The pace of The Turing Option by Harry Harrison and Marvin Minsky moves much slower than your typical cyberspace epic. In fact, The Turning Option isn't a cyberspace epic at all. The book leisurely explores the life of Brian Delany, a 24-year-old mathematics genius who grows into the worlds foremost artificial intelligence researcher. Unfortunately for Mr. Delany, most of his cognitive functions become impaired when a bullet tears the back of his skull off during a robbery at his lab. The would-be assassins leave him for dead and suck his work into the black hole of the industrial underworld.
The plot of the novel revolves around the search for Delaney's AI and his recovery from neurological damage. The clock-and-dagger business moves the plot, but the real interest comes from the rebuilding of Delaney's brain and his ultimate interface with an implanted computer.
The Turning Option brings Marvin Minsky's The Society of Mind into a non-theoretical setting. Rather than exploring what it means to be conscious and aware, the theories found in Minsky's seminal work are employed to cure Delany and reestablish his personal knowledge-base.' His treating physician, Dr. Snaresbrook, uses Delaney's own inventions to reconnect and reroute his severed synapses. When he first awakens, his personality is that of a Brian Delany fourteen years old.
In the end, Brian Delany becomes an noticeably enhanced human being. His computer implant allows him to directly connect to external artificial intelligence machines and out think human prototypes without breaking a sweat.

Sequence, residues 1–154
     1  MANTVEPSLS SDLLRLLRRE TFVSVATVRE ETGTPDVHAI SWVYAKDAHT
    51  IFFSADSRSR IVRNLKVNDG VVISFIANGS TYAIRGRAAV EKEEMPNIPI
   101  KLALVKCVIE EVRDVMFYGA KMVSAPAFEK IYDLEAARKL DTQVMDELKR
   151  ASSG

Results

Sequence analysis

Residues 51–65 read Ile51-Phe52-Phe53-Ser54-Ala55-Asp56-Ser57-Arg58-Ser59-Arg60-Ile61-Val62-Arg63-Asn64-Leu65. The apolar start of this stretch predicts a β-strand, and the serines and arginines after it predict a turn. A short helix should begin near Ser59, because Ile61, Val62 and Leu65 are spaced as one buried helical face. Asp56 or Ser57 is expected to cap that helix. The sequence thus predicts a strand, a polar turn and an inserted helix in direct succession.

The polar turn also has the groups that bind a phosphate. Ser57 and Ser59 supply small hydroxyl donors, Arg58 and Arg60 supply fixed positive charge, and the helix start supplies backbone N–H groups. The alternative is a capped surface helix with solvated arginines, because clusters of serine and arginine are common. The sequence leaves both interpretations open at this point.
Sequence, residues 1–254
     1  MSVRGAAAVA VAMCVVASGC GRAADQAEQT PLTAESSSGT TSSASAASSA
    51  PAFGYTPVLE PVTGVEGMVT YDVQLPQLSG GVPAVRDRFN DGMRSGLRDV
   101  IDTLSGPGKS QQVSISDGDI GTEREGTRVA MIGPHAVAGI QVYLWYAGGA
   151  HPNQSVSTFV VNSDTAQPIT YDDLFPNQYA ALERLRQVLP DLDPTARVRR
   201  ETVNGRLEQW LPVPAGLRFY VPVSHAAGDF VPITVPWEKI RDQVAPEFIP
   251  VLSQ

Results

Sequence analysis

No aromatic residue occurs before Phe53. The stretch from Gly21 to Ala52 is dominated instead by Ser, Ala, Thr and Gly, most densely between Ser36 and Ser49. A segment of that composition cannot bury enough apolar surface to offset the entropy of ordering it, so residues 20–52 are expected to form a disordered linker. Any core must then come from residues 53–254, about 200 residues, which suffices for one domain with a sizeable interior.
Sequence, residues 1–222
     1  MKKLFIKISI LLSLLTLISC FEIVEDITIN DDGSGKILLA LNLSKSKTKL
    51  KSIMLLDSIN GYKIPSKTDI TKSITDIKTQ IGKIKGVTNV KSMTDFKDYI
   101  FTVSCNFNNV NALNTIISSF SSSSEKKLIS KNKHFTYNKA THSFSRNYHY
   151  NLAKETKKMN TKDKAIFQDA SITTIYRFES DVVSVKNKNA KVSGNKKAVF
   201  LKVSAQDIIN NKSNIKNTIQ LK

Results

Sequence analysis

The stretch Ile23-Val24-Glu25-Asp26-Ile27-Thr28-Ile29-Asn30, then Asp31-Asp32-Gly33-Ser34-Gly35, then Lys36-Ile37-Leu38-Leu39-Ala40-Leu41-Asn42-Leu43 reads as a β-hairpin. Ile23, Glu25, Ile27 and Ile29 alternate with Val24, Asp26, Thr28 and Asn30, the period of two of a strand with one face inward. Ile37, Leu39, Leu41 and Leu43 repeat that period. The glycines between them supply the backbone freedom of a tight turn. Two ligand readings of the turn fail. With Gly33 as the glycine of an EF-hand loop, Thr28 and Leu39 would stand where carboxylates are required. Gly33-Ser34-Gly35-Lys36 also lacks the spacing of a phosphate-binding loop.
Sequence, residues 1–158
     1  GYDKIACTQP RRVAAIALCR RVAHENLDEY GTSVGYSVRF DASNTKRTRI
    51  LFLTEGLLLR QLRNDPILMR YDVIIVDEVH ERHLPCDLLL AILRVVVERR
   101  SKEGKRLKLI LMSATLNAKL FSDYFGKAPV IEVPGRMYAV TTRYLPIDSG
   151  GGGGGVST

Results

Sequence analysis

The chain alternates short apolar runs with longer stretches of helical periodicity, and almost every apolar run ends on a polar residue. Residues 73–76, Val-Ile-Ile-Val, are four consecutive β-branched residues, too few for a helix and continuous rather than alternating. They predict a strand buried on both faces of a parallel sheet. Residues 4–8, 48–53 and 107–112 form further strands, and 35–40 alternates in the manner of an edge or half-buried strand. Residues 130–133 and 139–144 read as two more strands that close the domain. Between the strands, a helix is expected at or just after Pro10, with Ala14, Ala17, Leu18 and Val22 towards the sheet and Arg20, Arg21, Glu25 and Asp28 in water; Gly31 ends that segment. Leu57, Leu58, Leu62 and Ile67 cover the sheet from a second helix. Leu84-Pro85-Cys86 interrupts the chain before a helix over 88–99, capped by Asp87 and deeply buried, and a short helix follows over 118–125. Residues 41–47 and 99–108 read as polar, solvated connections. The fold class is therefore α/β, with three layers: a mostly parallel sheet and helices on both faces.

Minsky's influence on the novel is brought out in the detail of the procedures used to bring Delany back to thought. Because none of the science in the book is perfected, it is easy to imagine that it is taking place in our contemporary society at a highly controlled research facility. The Turing Option's tone reminds us just how close we are to these discoveries. Our ability to absorb its fantastic assertions, adds another layer to our acceptance of our inevitable companionship with our own technology.
The Turing Option
Harry Harrison & Marvin Minsky
Warner Books, Inc.
1271 Avenue of the Americas
New York, NY 10020
Graphic: Mike Saenz, Semiotext(e) SF
Here is the TEXT POPUP for The Turing Option:
Brian picked up a box of paper clipsand threw them all toward the telerobot. The thing whirred in a blur of motion as it smoothly unfolded and rearranged most of its tendrils into hundreds of little handlike claws. As they spread out they simultaneously caught every one of the paper clips. It put them all down in a neat pile.
The computer stays on all the time, of course. But the new memory management scheme turned out to be very much like human sleep. It sorts through a day's memories to resolve any conflicts and to delete redundancies. No point in wasting more memory on things that you already know.
Not for an instant did Brian consider that there was any danger or difficulty in the process. He simply nodded agreement and pulled the chair over so it was out of sight of the window, sat in it with his back to the MI. Felt the familiar tracery of spider fingers on his skin.
Felt completely secure in the embrace of his own creation. They spoke in silent communication, brain to brain.